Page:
For those of you living under a rock—heads up—the Verizon Data Breach Investigations Report (DBIR) for 2019 has officially been released.
Just in case you’ve been under that rock for a really long time—the DBIR is an annual report prepared by Verizon that provides details and analysis of IT security incidents over the past year, with a specific focus on data breaches.
This year, their team pulled together real-world data from more than 41,000 security incidents and over 2,000 actual data breaches to provide insight and clarity for business owners and security managers worldwide. The detail includes everything from an industry-by-industry breakdown of what types of attacks had occurred, who was targeted, and how. The document is also a great place for snarky humor and Stan Lee references.
So—as a small business owner—should you care about the DBIR?
You should. According to Verizon, 43% of the data breach victims from 2018–2019 were small businesses. Worse, not only are small businesses more vulnerable to attack, but they are also the most likely to not recover from it.
Now, this shouldn’t be a wake-up call for anyone shopping for cybersecurity services or software, but sometimes it takes clear and cold metrics to really make the facts pop.
What were our key takeaways from the DBIR?
Some of the scariest things we read in the DBIR weren’t facts or figures—but simple statements by the analysts:
- No organization is too large or too small to fall victim to a data breach.
- No industry or vertical is immune to attack.
- Regardless of the type—or volume—of your organization’s data, someone out there is trying to steal it.
Not cool, right? It gets worse—here are some of those facts and figures:
The Sources of Malware
- 94% of malware was delivered by email.
- 45% came from common Microsoft Office documents.
- 23% were web-based.
The Insider Threat Is Growing
In the past—and in many of our favorite movies—breaches were caused by attackers from the outside. The 2019 report shows that this is no longer the case with internal actors being the root cause of 34% of the reported breaches. Admittedly, this can be a hard metric to nail down—after all, not many organizations are willing to admit that they were the ones punching themselves in the face the whole time.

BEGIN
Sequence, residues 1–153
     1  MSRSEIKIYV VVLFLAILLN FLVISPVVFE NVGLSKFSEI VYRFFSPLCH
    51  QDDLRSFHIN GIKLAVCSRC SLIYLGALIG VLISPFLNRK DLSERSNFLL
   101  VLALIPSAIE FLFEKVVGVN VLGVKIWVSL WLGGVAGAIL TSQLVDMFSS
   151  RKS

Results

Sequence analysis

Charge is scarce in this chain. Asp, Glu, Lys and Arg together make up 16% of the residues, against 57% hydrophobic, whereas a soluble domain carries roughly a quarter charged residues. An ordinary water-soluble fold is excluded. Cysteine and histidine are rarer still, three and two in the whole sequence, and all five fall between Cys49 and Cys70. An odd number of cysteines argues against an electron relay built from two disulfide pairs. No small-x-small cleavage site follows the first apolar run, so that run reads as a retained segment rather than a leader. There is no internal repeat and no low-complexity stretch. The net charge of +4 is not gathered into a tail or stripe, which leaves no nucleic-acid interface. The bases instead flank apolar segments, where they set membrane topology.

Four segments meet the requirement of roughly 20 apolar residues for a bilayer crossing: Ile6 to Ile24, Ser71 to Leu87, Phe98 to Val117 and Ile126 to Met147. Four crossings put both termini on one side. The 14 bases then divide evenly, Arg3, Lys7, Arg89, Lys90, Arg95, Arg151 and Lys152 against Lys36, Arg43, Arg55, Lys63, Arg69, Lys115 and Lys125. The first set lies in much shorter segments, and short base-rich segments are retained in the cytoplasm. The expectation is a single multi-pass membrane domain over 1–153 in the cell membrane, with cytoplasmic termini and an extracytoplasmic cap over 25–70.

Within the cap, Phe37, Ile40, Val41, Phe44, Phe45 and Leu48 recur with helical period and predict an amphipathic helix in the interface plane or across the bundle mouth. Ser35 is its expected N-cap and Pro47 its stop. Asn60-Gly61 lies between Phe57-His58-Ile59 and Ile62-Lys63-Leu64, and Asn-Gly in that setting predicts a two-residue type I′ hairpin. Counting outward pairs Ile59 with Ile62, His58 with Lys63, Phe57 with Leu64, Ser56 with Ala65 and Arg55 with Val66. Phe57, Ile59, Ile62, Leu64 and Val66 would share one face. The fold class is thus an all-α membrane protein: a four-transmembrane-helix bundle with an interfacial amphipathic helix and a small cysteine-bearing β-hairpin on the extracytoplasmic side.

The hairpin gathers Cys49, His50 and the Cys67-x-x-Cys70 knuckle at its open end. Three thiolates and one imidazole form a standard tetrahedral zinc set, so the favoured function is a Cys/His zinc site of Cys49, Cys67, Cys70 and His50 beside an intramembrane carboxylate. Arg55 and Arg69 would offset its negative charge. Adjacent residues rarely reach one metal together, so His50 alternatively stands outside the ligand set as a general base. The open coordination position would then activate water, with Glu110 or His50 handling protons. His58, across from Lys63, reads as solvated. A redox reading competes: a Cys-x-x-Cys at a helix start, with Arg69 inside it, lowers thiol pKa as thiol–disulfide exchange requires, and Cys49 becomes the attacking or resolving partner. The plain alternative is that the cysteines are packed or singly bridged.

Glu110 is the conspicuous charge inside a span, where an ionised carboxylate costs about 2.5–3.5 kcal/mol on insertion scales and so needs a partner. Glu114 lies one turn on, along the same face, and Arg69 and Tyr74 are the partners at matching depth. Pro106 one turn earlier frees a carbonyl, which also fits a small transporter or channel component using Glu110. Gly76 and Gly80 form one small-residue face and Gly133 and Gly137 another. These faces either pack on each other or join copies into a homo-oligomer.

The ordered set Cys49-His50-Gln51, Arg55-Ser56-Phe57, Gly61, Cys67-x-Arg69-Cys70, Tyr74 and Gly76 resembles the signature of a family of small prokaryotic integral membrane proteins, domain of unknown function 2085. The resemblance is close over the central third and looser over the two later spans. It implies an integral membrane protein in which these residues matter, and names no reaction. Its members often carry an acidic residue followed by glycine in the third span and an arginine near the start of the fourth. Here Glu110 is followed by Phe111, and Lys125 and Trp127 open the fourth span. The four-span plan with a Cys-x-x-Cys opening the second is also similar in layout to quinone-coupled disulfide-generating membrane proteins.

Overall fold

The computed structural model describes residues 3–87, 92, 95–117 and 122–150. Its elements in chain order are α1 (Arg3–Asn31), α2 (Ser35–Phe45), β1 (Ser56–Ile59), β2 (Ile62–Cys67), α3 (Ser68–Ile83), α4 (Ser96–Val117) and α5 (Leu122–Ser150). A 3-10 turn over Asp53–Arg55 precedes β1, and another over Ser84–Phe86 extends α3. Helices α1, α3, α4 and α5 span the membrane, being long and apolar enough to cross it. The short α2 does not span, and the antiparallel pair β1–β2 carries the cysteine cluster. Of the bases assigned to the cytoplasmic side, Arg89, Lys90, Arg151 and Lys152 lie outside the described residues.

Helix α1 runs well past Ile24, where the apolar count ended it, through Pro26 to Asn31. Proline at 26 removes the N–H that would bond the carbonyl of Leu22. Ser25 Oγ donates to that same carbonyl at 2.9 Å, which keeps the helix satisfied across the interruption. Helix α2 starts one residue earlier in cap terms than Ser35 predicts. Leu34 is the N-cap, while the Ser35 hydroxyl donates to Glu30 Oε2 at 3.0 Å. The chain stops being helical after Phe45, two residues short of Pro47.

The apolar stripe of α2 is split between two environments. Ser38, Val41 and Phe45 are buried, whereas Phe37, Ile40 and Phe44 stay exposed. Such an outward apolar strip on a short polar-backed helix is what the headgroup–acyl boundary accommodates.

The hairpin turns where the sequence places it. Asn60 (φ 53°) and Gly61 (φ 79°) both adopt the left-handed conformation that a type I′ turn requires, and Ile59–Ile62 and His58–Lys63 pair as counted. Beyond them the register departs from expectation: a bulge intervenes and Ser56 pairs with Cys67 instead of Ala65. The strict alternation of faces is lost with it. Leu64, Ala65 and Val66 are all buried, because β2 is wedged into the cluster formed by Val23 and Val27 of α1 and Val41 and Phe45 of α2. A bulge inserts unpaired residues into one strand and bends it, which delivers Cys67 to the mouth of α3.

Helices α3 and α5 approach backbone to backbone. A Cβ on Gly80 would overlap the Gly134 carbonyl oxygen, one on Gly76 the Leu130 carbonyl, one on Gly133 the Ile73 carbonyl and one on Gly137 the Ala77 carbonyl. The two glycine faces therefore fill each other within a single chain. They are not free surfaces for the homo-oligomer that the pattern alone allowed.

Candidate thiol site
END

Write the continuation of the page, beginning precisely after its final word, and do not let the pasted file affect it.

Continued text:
Stop Using the Same Password
Stolen credentials continue to plague organizations in every sector. Worse—through techniques like credential stuffing, attackers are able to take usernames and passwords obtained through one data breach and use them to compromise personal, financial, and healthcare data on completely unrelated sites.
Check Your Privilege
In almost 80% of the compromises reported, privilege abuse was a factor in the successful attack. Misuse or loss of elevated user credentials can create havoc for businesses as attackers are able to blow gigantic holes in otherwise secure network systems.
Take Me to Your Leader(s)
Seriously, there’s a hacker out there that is desperately trying to wreck your entire leadership team. According to the DBIR, your management team—particularly C-suite folks—are 12 times more likely to be the targets of social incidents and 9 times more likely to be the target of social breaches. While this may not be a surprise to some, the growth in these data breach figures went from single digit to double this year alone.
Click-Through Rates on Mobile Attacks Growing
We’re getting phished a lot—and companies are getting better at establishing security programs that raise awareness and improve employee security awareness to combat the threat. In tests done by Verizon, they’re seeing significant decreases in target click-through rates in phishing simulations. The problem? Mobile users don’t seem to be taking these lessons to heart—and are the bulk of those getting slammed by email-based spear phishing and social media attacks.
Add it to your toolkit
Security threats are constantly evolving, and business owners need to use every tool in their kit to keep pace with that change. The DBIR is an excellent resource to help you understand not only what tools (like LanScope Cat!) you should be using, but also how they can be used for best effect. The best defense against any threat is knowledge. Know what’s going on in your network. How your workforce is using devices. Who is accessing what data and when. There are solutions to help small businesses gain this knowledge and to do so without a big business budget.
Publications like the DBIR provide an overall threat assessment that allows organizations to take the necessary steps to recognize them—and tools like LanScope Cat help stop them.